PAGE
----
Music throughout Africa has always been a guiding force that has brought communities together and has been specified to certain ethnic groups throughout the continent. However, since the late 2010s, increasingly popular countries such as Nigeria, Kenya, South Africa, Namibia, and Angola have managed to make it to a wider international platform through music and fashion.
This should not just be seen as some overlooked trends. It is essential to African culture!
Africa is not on the global stage alongside bigger pop artists like Beyonce, Rihanna, and Drake. It has the opportunity especially in 2020 to build its name and brand and start pushing younger, fresher artists, designers, and producers to the forefront of the industry.
In places like Cameroon, the styles of Makossa and Bikutsi slowly disappeared at the turn of the 21st century, and yet appeared in Paris as an underground nightclub. Youth today that grew out of the trials of civil unrest, rose into growing familiarity with pop music and culture.
And some artists utilize dance moves of connecting with the community and the art of African expression. Artists like Magasco keep up with that familiar electric turned out rhythm while adding a twist in lyrics and fashion.
Or take the music culture of Angola for instance, which has crafted popular styles such as kuduro and semba that have built names for their energetic moves and uplifting beats. Some such music was even internationally connected and has held influences from Afro-Cuban music and culture of the mid-90s into the 21st century that still has major influences and presence in today’s underground music and dance climate.
There are so many places all throughout the motherland that have expressed their sorrow and pain from dealing with war, community destruction, and that have found solace in the craft of music and artistic expression. For some places and peoples all through Africa, these art forms are not just simply a fun dance craze we’ll see on today’s TikTok. There’s more to them. Their arts call attention to the upheavals, no doubt, but they equally help us marvel at how creative and resilient these artists are in using the low vibes around the society to create high key rhythms and fun for all.
As the popularity of African music grows, including Afrobeat and Afropop, there are 5 things/trends to watch out for in America:
- Social Media Dance Wave
We’ve already seen a more universal sound for Afro beats, and Caribbean inspired songs, evident in one of Drake’s most recent single ‘Tootsie’. Dance clips have slowly started to rise with so many youths, particularly in regions of Africa adding their own flair to the dance craze. We can look forward to an increase in some of these amazingly talented kids taking their place on a global stage.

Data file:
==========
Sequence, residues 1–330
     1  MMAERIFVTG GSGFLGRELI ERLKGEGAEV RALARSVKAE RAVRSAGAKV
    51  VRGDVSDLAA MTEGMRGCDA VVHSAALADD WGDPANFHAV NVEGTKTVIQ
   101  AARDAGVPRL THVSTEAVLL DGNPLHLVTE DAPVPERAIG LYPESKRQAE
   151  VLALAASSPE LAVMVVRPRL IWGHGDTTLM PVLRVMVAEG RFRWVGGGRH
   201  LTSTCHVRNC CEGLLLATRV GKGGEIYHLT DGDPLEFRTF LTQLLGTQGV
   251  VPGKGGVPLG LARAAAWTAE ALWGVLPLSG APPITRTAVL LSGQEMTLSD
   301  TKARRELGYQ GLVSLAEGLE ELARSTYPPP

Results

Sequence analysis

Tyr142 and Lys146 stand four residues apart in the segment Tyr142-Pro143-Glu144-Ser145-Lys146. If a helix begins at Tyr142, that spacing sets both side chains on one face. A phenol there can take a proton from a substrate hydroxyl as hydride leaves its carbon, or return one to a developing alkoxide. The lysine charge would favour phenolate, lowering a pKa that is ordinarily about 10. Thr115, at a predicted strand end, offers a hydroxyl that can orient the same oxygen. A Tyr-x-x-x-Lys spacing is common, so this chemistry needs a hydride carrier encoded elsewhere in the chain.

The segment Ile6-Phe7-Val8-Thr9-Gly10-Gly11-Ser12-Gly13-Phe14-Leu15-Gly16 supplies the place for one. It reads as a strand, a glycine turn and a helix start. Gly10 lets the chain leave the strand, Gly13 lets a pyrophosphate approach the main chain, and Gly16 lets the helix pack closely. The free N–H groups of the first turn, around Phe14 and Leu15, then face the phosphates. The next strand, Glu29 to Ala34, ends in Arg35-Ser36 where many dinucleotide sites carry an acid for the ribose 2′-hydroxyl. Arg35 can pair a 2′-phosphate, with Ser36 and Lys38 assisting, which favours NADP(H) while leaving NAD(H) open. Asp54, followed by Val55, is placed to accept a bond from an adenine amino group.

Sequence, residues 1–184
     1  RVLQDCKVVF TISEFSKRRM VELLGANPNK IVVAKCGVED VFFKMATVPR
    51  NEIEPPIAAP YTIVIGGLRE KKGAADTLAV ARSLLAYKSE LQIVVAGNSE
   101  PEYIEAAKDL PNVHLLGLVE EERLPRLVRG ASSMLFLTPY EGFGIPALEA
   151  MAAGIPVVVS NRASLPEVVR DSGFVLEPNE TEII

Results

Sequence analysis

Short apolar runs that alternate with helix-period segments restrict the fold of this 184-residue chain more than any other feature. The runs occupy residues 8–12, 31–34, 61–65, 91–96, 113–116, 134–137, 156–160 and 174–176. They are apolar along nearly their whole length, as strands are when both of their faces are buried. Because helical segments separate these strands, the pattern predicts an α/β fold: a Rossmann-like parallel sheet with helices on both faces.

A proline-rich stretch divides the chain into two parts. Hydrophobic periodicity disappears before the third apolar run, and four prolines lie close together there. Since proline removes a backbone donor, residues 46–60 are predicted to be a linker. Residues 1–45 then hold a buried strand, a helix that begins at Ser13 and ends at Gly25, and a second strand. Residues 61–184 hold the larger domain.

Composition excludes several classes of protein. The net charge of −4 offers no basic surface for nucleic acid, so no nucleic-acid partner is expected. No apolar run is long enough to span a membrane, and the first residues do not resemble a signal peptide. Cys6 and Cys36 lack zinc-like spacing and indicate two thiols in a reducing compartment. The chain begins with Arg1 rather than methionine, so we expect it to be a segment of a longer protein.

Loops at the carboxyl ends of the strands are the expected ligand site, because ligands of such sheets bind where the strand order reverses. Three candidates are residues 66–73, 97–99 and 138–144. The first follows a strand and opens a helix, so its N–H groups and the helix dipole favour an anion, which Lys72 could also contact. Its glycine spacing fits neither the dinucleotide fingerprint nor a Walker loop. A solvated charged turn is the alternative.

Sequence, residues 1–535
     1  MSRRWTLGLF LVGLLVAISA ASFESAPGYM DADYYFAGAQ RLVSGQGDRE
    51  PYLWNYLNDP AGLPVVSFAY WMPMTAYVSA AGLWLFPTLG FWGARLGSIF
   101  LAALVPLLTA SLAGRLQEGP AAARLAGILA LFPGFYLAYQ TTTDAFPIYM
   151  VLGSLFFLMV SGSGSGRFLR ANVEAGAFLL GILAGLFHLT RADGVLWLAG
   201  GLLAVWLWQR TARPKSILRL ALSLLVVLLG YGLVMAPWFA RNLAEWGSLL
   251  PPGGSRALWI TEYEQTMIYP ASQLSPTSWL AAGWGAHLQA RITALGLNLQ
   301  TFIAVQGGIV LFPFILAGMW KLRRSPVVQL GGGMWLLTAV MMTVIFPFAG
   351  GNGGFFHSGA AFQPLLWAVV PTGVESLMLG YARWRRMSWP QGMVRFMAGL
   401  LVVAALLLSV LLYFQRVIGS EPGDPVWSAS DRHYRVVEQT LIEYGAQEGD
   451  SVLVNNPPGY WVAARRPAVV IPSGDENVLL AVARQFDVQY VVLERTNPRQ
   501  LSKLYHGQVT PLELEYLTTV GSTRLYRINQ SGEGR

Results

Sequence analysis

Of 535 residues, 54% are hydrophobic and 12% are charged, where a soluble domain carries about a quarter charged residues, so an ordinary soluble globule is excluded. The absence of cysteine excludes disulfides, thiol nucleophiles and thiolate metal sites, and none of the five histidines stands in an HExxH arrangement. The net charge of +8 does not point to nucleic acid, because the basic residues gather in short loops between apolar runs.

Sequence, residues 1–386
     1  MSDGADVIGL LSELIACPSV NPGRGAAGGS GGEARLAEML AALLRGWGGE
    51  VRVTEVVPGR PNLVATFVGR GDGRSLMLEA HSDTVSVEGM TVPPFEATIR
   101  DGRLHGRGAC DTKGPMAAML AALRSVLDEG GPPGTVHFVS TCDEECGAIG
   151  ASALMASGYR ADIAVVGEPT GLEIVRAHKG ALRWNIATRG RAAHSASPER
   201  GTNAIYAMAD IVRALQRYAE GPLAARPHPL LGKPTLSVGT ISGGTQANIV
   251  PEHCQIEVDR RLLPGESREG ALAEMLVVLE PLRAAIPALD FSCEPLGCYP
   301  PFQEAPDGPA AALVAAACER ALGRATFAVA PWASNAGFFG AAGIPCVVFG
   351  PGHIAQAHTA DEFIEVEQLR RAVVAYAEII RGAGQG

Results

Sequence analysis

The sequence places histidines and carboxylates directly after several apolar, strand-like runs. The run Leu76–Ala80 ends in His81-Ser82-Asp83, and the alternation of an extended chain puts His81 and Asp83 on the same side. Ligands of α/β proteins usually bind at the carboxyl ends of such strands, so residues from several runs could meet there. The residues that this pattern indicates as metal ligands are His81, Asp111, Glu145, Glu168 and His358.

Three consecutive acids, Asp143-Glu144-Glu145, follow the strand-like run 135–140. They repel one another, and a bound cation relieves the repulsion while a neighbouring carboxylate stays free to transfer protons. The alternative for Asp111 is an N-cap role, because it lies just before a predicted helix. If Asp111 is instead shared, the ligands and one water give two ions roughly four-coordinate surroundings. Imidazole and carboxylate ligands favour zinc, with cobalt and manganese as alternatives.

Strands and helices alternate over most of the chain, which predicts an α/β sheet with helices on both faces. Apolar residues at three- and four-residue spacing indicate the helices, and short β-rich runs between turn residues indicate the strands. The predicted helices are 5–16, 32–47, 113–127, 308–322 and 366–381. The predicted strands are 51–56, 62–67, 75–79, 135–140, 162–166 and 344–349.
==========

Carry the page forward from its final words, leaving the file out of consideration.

2. Open Discussion About Real World Influences in Dance Styles and Popular Song Releases
YouTubers and Vloggers always manage to build strong relationships with their fan base, and artists have taken to using their platform frequently and with a purpose to stand against inequalities. We can anticipate fulfilling discussions on social media that address the stories and issues behind the songs we adore or the dance moves we love.
3. Reflective Fashion
There will definitely be less of a focus on making looks cutting edge as dancer fashion will echo some of the struggles they face. This means some of their law enforcement interactions and their power struggles with other abusive institutions will evolve into the mainstream.
Protest t-shirts and caps, national and movement colors embroidered with names of families and victims will all become a constant in this bringing awareness to painful and problematic issues.
4. More Youth Programs
Creative Arts programs and education all through the States has been poorly funded, defunded, or cut completely. This has left many leaders in various communities to pick up the slack and help the coming generations to thrive!
African music holds true to the core of so many of these after school festivities. Organizations like STEM, Prep for Prep, and the the Brooklyn Academy Music Festivals are all places for kids and young adults to seek education on these art forms. And they can explore all the wonders that African history and culture have to offer.
5. Breaking Pop Culture Norms
What’s so new about bending the rules? Black and African people have a dope way of adding spice and flavor to everything they do! Bless the Ancestors!
We’ve already seen feminists come on board to help inform the world that modesty, body positivity, and sexuality are nothing to be ashamed of. We’ve already seen the reclaiming of the B-word and the N-word predominantly in hip hop and rap culture.
But with African music and history become more common knowledge we will witness protest music, music videos that directly address and call out discriminatory establishments.
People are awakening and will use music and clothing and any other art forms they can get their hands on to present and share information!
For some artists, dancers, and designers, the glowing culture that encompasses so much of what it means to be Nigerian, or Sudanese, or South African can all be found in a song or step. We all have to do a better job of listening and following the youth of these communities that manage to not only upkeep some influential and generational styles, but that have also added their own twists and flare to all these genres.
The future of maintaining these vibrant and expansive cultures is essential to keeping Africa at the forefront of the music world.